When I was a young girl growing up in Italy, the typical TV show sported a main host (a man in his forties-to-sixties, suited and booted), surrounded by a group of girls in their late teens/early twenties, wearing bikinis. Not just any bikini of course, 'cos that would be crass. The outfits were themed to be in keeping with the show's content. So, for example, on Passaparola, a word-guessing show, the girls were called 'Letterine' ('Little Letters') and their bikinis were adorned with letters. On Striscia la Notizia, a satirical news show, the girls were called 'veline' (the Italian word for press release), and held newsflash briefs in their garters. See? Much more dignified.
Letterine picture: Mediaset
The girls' role was to look pretty, lip-synch to music and break into dancing interludes. Which weren't real dance routines (the girls weren't exactly selected for their dancing skills), and mostly consisted of swaying suggestively while a close-up camera traced their bodies from stilettoed feet to pouting faces, lingering on all the obvious places in between.
You might expect me to go on a tirade about how terrible all of this was. But the thing is, I haven't got to the worst part yet. Which is this: at the time, none of this struck me as sexist. Or at least as a bit of an odd TV pairing. It wasn't until I left the country that I saw it for the national embarrassment it was.
This is the problem with institutionalised sexism (or racism, or homophobia, or institutionalised anything) - it's insidious and works at an almost subconscious level. It takes an inherently wrong and damaging mentality and normalises it. Worse even, it makes it desirable. At its peak, Passaparola managers had to consider around 1000 candidates for the six Letterine places. After all, on Italian TV, bikini-clad showgirls vastly outnumbered women in other roles and often went on to better fortunes, transitioning into musical, acting or modelling careers. Boys wanted to date them. Little girls wanted to be them. And so the cycle went.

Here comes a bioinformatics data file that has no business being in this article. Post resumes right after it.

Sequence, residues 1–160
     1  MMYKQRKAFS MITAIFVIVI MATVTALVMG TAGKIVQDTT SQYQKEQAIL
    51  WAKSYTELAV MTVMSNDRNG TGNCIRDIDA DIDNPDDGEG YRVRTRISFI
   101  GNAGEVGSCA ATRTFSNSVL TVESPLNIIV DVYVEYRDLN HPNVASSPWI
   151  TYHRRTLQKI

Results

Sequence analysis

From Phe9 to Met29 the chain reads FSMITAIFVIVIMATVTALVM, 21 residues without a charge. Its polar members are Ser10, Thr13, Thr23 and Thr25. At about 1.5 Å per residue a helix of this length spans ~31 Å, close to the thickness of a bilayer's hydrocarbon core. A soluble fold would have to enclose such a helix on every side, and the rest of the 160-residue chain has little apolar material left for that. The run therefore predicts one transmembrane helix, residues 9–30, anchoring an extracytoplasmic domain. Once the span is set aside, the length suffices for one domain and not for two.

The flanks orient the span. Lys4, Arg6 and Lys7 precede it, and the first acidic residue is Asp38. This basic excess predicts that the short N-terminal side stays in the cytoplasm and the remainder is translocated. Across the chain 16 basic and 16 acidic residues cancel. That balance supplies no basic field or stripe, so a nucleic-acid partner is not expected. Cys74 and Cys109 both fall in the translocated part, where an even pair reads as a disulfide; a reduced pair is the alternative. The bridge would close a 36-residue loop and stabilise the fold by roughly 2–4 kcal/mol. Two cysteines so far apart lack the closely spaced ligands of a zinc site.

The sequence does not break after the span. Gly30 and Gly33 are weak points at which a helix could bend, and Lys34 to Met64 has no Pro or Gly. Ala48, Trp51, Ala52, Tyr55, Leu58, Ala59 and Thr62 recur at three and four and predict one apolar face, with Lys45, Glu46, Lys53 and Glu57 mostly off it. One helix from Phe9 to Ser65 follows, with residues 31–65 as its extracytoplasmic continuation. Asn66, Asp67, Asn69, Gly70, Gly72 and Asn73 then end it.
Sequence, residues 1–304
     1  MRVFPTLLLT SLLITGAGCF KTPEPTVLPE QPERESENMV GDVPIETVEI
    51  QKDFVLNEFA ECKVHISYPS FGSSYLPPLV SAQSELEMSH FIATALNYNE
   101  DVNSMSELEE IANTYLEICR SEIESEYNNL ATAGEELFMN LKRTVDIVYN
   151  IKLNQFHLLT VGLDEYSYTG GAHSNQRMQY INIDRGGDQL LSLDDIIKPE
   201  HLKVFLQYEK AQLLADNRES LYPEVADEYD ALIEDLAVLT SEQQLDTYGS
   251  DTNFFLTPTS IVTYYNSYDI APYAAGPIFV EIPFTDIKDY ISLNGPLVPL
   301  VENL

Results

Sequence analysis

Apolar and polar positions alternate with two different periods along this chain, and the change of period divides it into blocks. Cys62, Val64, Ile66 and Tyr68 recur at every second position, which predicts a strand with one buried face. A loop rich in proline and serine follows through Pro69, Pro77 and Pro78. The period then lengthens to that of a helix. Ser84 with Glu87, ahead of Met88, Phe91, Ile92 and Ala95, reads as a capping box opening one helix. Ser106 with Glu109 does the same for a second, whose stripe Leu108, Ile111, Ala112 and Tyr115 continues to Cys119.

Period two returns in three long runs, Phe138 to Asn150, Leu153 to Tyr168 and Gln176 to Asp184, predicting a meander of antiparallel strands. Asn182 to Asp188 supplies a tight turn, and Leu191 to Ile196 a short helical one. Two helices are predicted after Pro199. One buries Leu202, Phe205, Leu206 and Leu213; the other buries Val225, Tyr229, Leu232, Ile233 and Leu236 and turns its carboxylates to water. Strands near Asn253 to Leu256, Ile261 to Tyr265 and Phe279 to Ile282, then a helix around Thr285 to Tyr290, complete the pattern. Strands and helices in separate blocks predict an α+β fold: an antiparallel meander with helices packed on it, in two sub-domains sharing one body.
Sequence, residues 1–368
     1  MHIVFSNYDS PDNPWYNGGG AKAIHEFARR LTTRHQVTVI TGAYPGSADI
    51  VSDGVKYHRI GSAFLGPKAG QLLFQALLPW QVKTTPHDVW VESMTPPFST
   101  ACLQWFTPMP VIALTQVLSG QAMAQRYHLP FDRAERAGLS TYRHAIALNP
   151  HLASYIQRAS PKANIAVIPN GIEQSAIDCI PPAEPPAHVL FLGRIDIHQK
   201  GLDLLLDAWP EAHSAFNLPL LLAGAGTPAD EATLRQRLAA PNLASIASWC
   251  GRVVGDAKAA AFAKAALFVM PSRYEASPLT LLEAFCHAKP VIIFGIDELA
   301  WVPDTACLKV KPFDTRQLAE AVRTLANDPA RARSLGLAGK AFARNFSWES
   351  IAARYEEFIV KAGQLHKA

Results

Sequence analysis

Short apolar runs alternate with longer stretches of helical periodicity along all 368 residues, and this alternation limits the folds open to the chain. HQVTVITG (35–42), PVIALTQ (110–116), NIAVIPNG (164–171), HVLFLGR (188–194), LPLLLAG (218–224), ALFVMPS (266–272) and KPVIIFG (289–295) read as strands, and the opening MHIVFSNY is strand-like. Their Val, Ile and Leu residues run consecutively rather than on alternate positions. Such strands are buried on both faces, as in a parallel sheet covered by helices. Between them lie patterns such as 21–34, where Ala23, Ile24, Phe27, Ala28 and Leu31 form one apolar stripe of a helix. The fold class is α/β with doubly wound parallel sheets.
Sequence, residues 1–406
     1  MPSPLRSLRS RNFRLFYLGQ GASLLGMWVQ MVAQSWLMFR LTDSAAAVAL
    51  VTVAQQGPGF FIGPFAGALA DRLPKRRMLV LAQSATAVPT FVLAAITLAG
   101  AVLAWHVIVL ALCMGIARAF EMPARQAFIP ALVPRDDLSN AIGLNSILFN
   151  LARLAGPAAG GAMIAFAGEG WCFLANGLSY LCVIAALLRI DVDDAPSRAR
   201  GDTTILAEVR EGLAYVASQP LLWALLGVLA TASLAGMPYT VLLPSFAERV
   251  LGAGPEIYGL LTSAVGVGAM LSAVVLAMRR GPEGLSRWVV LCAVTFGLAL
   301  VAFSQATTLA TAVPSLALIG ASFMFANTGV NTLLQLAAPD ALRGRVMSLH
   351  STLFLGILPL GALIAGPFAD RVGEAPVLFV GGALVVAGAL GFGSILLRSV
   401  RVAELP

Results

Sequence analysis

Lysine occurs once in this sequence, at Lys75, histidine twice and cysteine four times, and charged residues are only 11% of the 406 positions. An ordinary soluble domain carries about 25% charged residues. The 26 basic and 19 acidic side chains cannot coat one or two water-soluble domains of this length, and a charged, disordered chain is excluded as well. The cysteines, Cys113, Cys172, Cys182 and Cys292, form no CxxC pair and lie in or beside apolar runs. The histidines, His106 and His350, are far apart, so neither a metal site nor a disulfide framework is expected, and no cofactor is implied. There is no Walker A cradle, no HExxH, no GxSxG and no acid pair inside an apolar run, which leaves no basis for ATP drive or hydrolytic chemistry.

Page 3 is no different. It's not just the fact that it objectifies women. The real issue is that it makes female exploitation normal. Desirable even. Page 3 girls chose to take their tops off, in the same way as Italian showgirls chose to strut their bikini bodies on national television. Nobody's forcing them. And isn't feminism about empowering women to do what they want?
But is it real choice when you grow up thinking that's your lot? Is it real choice when everything around you reinforces the notion that you're only as good as your looks? When female singers are sexualised from an early age, female TV hosts (and even newsreaders) are unceremoniously dropped for being too old and every actress on Game of Thrones has to get her tits out to secure a career changing role? Is it real choice when society tells you that middle-aged men scrutinising your naked breasts on their work commute is just dandy, and not creepy at all, and you should be flattered to have made the cut?
It's not. It's brainwashing masked as empowerment.
Institutionalised sexism is dangerous because it assimilates into our culture to the point that we don't see it anymore, and conforming to the dominant narrative ends up being mistaken for a choice.
Of course, I'm not saying that page 3 is singlehandedly responsible for sexism in Britain. But it's part of the problem. And since this wall won't go down overnight in a glorious explosion of stereotyping and discrimination, the best we can do is to hack at it, piece by piece.
I, for one, am glad this brick is gone.